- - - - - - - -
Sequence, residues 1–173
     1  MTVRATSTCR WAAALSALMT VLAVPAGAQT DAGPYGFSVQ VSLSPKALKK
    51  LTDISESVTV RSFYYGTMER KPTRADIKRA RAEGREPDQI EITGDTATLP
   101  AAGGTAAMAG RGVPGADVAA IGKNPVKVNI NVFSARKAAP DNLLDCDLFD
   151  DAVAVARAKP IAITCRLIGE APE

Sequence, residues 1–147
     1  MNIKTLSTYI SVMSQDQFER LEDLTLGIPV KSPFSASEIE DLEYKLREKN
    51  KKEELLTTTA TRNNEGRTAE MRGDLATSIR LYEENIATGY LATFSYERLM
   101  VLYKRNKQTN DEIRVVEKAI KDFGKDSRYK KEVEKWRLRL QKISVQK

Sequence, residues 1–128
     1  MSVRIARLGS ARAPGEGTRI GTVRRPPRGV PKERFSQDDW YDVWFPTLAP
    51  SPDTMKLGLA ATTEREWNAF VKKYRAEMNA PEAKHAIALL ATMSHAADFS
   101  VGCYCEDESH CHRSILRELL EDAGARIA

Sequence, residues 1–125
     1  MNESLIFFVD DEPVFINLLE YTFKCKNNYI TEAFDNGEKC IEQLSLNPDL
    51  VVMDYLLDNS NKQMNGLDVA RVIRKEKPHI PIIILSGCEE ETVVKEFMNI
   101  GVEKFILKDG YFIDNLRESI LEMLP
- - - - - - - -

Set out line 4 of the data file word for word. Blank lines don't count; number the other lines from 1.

   101  AAGGTAAMAG RGVPGADVAA IGKNPVKVNI NVFSARKAAP DNLLDCDLFD